Why We Do This

Local food = good politics and good eatin’ too!

St. Louis  chefs enjoy access to a huge cornucopia of food products from all over the  world.  But the same industrial  agriculture and food distribution system that has erased the concept of  “seasonal” food has engineered the products it sells us to suit its own needs –  peaches hard enough to withstand mechanical picking, tomatoes that can be  picked green and gassed to a rosy red color that imitates ripeness, meat pumped  with growth hormones and antibiotics to withstand the unnatural rigors of the  feedlot,  soybeans genetically tinkered  to withstand the withering effects of harsh herbicides.

There are public health and safety issues that arise from  modern agriculture’s use of chemical inputs and dependence on varieties  hybridized or engineered for mass production and long-distance distribution.  Ecological problems arise from the use of  millions of pounds of petro-chemical based fertilizers and thousands of miles of  transportation from farm to table.  There  are political and sociological implications to the upheaval in farm-based rural  populations.  For all these reasons,  buying locally produced food makes for good politics.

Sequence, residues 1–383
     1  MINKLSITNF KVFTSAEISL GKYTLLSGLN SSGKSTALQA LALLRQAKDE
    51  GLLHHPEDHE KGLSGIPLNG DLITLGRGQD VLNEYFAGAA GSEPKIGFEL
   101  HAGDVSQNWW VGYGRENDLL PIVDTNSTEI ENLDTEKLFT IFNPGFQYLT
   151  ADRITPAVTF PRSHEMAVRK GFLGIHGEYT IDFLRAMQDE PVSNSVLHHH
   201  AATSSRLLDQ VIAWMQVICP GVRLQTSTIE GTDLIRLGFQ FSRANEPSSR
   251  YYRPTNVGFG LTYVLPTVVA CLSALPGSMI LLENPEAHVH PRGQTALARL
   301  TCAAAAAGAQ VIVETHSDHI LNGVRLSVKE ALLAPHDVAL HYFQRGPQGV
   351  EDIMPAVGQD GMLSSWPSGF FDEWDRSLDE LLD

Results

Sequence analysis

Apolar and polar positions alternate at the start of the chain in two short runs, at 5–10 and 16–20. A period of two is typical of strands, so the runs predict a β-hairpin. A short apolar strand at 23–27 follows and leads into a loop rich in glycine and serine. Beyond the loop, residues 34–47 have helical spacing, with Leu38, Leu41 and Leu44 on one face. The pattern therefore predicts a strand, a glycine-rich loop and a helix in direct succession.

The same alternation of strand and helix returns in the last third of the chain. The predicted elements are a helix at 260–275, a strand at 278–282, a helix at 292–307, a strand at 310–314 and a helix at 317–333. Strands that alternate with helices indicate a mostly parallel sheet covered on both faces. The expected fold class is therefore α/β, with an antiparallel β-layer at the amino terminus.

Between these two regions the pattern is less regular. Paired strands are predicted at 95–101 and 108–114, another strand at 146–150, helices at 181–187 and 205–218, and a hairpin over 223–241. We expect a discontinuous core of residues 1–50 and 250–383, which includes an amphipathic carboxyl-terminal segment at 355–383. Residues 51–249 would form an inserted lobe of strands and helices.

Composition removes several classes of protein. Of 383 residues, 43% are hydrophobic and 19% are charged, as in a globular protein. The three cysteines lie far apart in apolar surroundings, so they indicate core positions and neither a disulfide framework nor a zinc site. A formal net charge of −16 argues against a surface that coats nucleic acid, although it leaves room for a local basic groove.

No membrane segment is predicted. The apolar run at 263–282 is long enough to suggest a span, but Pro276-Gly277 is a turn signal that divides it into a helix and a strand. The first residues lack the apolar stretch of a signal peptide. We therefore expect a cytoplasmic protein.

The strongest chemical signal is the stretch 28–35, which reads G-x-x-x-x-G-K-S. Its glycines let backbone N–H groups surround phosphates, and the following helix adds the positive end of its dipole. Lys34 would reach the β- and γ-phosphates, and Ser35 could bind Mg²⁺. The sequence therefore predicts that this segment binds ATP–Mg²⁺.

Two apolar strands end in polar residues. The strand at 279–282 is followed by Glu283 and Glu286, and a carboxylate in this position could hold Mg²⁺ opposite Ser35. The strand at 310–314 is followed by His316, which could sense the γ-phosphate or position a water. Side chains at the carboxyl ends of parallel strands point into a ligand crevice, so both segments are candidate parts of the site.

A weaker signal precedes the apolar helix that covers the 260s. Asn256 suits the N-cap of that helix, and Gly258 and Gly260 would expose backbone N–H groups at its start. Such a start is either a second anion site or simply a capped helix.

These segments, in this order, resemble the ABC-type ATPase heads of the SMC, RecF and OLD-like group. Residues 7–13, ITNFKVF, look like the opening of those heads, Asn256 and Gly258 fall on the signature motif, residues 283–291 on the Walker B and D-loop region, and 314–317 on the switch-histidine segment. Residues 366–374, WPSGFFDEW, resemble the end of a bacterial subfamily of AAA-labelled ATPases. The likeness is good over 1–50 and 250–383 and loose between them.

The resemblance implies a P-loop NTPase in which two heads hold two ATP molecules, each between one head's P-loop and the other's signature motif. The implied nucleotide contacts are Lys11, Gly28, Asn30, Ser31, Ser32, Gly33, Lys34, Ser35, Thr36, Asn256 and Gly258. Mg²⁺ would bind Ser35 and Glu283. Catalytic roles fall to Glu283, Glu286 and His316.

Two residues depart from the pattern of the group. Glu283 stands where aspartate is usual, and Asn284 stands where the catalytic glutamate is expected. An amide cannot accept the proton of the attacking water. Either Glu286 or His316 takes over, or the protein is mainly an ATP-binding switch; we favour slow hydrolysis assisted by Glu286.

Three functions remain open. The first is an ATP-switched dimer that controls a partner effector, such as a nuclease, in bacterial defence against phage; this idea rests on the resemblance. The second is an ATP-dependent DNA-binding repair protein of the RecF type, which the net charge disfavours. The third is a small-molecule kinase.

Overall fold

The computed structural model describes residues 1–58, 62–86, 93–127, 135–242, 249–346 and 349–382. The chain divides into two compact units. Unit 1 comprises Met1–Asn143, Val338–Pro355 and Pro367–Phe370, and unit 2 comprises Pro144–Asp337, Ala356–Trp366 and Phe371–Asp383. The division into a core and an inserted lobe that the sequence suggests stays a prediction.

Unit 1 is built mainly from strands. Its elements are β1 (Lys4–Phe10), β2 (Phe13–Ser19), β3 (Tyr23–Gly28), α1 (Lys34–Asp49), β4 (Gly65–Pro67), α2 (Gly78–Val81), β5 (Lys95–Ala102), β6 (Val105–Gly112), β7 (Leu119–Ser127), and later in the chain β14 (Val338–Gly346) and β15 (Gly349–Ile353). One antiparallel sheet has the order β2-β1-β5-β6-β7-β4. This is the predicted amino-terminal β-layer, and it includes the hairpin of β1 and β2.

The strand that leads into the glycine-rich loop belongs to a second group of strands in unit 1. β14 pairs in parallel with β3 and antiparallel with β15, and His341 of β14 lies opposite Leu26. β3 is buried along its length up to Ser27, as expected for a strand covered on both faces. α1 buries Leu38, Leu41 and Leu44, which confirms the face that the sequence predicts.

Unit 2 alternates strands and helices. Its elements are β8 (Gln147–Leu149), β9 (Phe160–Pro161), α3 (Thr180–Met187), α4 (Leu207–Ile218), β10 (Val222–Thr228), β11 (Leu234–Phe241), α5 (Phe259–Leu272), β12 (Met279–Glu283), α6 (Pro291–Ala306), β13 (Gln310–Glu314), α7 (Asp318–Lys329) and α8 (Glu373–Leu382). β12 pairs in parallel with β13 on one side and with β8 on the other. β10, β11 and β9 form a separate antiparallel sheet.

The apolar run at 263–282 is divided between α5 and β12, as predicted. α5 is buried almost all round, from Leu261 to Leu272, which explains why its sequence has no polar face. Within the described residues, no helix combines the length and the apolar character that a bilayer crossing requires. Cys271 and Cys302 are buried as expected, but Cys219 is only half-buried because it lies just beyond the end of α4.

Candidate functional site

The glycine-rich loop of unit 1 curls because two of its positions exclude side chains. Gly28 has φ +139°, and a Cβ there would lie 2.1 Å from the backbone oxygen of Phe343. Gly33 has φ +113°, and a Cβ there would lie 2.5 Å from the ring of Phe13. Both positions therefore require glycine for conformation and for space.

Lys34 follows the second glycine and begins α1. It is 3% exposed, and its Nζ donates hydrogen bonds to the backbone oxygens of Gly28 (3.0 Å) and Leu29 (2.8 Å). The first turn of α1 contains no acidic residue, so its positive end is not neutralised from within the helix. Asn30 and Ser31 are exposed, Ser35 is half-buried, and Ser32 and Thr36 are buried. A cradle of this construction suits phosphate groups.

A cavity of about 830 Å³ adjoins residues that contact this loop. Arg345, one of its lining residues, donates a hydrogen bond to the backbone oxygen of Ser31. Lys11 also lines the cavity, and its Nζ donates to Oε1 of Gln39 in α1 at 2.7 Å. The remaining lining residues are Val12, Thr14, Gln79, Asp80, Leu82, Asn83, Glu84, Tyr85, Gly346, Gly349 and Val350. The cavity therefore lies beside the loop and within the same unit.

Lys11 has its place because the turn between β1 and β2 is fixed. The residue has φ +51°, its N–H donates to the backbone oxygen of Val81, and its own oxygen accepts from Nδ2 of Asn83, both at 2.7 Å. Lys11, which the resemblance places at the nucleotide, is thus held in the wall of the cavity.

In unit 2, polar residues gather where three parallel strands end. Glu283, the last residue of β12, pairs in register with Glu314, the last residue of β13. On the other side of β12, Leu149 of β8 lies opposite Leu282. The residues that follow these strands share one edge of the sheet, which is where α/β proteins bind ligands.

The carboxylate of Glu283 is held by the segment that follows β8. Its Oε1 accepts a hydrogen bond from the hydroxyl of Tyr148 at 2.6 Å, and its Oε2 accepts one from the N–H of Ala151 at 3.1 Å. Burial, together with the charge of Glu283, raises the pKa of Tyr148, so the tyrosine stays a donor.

But the bottom line for St. Louis chefs is that industrial  agriculture’s dependence on a genetically narrow handful of vegetable and fruit  varieties has robbed us of the depth and diversity of flavors once offered by  traditional heirloom varieties that were bred for hand harvesting and quick  sales to people living nearby the farm.  The  full flavors of produce allowed to completely ripen in the fields has been  replaced by hard skins, dry flesh and longer shelf life that defy the most  talented and dedicated chef.

Here in the center of the nation, at the confluence of the  great rivers, we can revel in our long heritage of agricultural achievement and  support the local agricultural economy or we can opt for the convenience and predictability  of the worldwide industrial food distribution system.

More and more St. Louis chefs are looking to source locally because they  understand that the most exciting and delicious menus are inspired by the place  where we live and the seasons that we enjoy.

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